Canada markets open in 3 hours 6 minutes
  • S&P/TSX

    -263.44 (-1.20%)
  • S&P 500

    +12.71 (+0.23%)
  • DOW

    -65.11 (-0.17%)

    -0.0010 (-0.13%)

    -0.30 (-0.38%)
  • Bitcoin CAD

    -568.48 (-0.61%)
  • CMC Crypto 200

    +5.35 (+0.38%)

    +20.80 (+0.90%)
  • RUSSELL 2000

    -18.19 (-0.88%)
  • 10-Yr Bond

    -0.0570 (-1.33%)
  • NASDAQ futures

    -67.75 (-0.35%)

    +1.08 (+9.04%)
  • FTSE

    -42.03 (-0.51%)
  • NIKKEI 225

    +94.09 (+0.24%)

    +0.0022 (+0.32%)

Arizona woman, 3 North Koreans charged in 'staggering' fraud scheme that raised nearly $7M

An Arizona woman and three shadowy North Korean information technology workers are accused of securing illicit work with hundreds of U.S. companies as part of an alleged "staggering fraud" scheme to earn revenue for North Korea's weapons programs, federal prosecutors announced Thursday.

The three North Korean workers were remotely working overseas and federal prosecutors say their exact locations are unknown. Similar schemes in the past have seen North Korean workers attempt to gain remote employment through American companies as a way to evade U.S. sanctions imposed on North Korea; the point of the scheme is for the rogue nation's agents to get lucrative U.S. employment and send the money they earn to Pyongyang.

The latest scheme involved using the identities of 60 Americans and impacted more than 300 U.S. companies, including numerous well-known Fortune 500 companies, banks and other financial service providers, according to an indictment unsealed by the Department of Justice. The companies are not named.

The indictment alleges that the three workers – using aliases Jiho Han, Chunji Jin, and Haoran Xu – used false identities to get hired for remote work, which generated at least $6.8 million for North Korea. The three workers are each charged with money laundering and U.S. authorities are trying to find them.


The group was also allegedly assisted by Christina Chapman, 49, of Litchfield Park, Arizona, whom prosecutors accused of running a "laptop farm" from her home, where she hosted multiple computers for overseas IT workers so it appeared that the computers were located in the United States.

Chapman was arrested Wednesday and was charged with nine counts, including conspiracy to defraud the United States, prosecutors said. She faces a maximum penalty of over 97 years in prison.

The State Department said in a statement Thursday that it is offering a reward of up to $5 million for information about the three North Korean IT workers that leads to the disruption of the scheme. The workers were under the direction of a manager, identified only in court papers as "Zhonghua."

Thursday's announcement comes almost a year after the Department of the Treasury sanctioned four entities involved in illicit cyber and IT worker operations that helped fund North Korea's "unlawful weapons of mass destruction and ballistic missile programs."

At the time, the department said North Korea employed thousands of "highly skilled" IT workers around the world and in some cases, earned more than $300,000 per year to "deliberately obfuscate their identities, locations, and nationalities" by using proxy accounts, stolen identities, and falsified or forged documentation to apply for jobs.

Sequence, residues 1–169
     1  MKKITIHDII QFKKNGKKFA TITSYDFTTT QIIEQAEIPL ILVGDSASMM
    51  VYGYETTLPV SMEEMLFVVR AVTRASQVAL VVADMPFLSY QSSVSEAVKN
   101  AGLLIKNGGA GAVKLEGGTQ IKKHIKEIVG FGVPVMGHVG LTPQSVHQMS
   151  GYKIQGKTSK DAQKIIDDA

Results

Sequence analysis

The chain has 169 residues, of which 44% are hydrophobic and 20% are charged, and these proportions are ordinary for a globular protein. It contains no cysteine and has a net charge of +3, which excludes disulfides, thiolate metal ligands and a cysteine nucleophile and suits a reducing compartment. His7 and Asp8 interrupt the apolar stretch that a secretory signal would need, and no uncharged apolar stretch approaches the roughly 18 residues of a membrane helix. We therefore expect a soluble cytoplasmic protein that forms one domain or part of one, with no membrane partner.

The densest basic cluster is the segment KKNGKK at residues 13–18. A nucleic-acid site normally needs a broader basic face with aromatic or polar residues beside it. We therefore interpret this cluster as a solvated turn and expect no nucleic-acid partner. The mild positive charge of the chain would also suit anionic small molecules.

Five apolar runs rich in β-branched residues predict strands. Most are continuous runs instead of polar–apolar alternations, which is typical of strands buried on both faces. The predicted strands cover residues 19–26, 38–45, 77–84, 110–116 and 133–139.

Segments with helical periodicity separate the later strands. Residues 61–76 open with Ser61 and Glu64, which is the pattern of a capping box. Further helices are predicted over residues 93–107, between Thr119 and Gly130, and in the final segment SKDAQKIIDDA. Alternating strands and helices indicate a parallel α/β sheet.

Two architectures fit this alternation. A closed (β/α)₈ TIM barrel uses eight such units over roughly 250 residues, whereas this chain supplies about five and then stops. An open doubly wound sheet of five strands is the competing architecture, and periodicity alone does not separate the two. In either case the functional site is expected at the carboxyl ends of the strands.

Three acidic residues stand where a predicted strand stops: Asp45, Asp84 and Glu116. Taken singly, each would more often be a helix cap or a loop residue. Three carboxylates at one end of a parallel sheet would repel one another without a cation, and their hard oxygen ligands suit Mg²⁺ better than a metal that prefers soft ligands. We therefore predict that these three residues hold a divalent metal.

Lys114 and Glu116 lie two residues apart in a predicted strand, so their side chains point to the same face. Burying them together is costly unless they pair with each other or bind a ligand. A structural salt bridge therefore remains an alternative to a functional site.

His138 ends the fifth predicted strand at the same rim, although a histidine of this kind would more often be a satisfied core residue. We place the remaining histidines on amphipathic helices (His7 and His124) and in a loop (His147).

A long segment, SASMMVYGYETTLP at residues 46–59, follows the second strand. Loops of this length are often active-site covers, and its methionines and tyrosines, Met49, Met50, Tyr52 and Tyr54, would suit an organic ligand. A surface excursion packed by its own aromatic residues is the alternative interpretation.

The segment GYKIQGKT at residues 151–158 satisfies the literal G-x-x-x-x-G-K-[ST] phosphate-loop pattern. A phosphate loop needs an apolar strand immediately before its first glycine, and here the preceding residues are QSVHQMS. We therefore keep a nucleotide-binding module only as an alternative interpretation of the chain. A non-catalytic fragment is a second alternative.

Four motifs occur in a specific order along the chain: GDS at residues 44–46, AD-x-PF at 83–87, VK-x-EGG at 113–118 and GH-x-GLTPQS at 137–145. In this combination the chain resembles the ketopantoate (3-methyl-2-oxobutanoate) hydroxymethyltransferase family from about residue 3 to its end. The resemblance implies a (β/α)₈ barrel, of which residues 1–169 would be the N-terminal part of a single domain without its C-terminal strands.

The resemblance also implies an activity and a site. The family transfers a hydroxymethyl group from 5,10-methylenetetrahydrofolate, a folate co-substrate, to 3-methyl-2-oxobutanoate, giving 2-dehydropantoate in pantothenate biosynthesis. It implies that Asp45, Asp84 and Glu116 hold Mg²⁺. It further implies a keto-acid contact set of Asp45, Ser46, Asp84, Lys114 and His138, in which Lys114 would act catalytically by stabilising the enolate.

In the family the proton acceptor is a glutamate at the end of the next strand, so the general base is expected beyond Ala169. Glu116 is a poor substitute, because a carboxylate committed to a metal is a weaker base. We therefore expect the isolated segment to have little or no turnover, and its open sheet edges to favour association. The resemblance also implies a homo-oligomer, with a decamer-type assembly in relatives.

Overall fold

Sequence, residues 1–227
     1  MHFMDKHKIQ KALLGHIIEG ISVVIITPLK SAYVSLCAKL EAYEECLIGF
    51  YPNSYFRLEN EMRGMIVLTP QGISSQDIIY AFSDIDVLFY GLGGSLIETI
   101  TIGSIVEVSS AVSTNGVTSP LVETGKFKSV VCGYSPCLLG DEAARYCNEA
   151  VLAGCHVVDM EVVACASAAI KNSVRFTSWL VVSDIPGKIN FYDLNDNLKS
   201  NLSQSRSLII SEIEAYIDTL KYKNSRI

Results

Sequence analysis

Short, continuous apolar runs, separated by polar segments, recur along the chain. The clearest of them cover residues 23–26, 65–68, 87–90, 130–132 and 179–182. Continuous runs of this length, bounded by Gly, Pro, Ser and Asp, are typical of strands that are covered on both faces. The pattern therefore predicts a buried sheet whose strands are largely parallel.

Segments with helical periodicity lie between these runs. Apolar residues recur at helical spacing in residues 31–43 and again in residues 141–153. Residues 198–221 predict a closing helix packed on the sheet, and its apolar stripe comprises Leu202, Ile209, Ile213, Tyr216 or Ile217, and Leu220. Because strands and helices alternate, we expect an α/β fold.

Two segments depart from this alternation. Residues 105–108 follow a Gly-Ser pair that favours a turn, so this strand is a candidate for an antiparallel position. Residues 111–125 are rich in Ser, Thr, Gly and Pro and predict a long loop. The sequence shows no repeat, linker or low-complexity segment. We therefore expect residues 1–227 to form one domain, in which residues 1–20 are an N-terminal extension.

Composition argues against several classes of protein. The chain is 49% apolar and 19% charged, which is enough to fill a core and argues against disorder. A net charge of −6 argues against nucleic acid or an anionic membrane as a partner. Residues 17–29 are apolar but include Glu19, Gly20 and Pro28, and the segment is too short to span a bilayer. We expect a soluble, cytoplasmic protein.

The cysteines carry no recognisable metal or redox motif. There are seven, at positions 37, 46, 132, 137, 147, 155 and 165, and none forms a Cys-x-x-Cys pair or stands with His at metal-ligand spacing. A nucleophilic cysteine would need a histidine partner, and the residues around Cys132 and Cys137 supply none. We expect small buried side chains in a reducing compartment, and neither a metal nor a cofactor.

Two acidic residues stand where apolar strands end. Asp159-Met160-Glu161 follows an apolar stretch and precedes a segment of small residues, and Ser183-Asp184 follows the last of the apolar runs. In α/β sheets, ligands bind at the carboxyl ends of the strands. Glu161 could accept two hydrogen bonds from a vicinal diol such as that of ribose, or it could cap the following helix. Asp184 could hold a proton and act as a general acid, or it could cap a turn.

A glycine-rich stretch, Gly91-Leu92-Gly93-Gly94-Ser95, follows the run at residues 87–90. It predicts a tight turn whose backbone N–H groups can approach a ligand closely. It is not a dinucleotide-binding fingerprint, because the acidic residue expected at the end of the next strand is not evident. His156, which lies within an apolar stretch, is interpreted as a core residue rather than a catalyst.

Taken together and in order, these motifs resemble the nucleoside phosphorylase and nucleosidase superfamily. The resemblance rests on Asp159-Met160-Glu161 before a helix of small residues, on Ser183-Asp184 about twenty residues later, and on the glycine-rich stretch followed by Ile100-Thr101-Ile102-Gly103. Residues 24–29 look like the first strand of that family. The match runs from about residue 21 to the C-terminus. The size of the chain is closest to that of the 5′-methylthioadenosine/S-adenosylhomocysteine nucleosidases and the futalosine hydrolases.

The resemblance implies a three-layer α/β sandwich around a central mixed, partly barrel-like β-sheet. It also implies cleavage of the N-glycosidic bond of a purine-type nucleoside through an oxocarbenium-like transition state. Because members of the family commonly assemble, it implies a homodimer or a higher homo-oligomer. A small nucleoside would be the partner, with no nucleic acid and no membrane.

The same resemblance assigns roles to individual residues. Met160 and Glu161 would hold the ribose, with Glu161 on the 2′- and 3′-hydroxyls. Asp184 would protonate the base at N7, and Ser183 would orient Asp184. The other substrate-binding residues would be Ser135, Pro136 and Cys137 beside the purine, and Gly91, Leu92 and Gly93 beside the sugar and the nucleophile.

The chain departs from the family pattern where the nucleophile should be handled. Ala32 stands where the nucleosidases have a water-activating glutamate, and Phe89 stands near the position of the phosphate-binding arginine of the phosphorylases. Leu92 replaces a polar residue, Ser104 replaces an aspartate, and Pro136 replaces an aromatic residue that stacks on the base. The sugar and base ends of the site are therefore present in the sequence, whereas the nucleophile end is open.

Several federal agencies issued an advisory in 2022, warning that North Korean IT workers will generally obtain employment while posing as other nationalities and can work in a wide range of IT development work, including gaming, IT support and application programs.

'Staring down little tyrants': Kristi Noem's book includes false anecdote about Kim Jong Un

IT workers employed at major US companies

According to the indictment, IT workers who were associated with Chapman posed as U.S. citizens by using stolen, false, or borrowed identities of other Americans and applied for remote jobs. Many of the workers were also linked to North Korea.

"The overseas IT workers gained employment at U.S. companies, including at a top-five major television network, a Silicon Valley technology company, an aerospace manufacturer, an American car manufacturer, a luxury retail store, and a U.S.-hallmark media and entertainment company, all of which were Fortune 500 companies," prosecutors said.

The workers attempted to gain employment at two different government agencies but were "generally unsuccessful," according to prosecutors.

In addition to running a laptop farm, prosecutors accused Chapman of receiving and forging payroll checks. She also received direct deposits of the workers’ wages from U.S. companies.

Ukrainian accused of operating 'laptop farms'

In a separate criminal complaint unsealed Thursday, federal prosecutors charged a Ukrainian man identified as 27-year-old Oleksandr Didenko. Prosecutors accused Didenko of operating at least three U.S.-based laptop farms that at one point hosted about 79 computers in California, Tennessee and Virginia.

Didenko engaged in a "years-long scheme" creating fake accounts at IT job search platforms and money service transmitters in the United States, according to the complaint. Prosecutors alleged that Didenko sold those accounts to overseas IT workers, some of whom he believed were North Korean.

The workers would then use the false identities to apply for remote jobs, the complaint added. Further evidence revealed that workers linked with Didenko were also working with Chapman.

"One of Didenko’s overseas IT worker customers also requested that a laptop be sent from one of Didenko’s U.S. laptop farms to Chapman’s laptop farm, showing the interconnectivity of these cells within the (North Korean) overseas IT worker network," prosecutors said.

Didenko was arrested on May 7 in Poland and the U.S. officials are seeking his extradition, according to prosecutors.

This article originally appeared on USA TODAY: Arizona woman charged in IT worker scheme that raised nearly $7M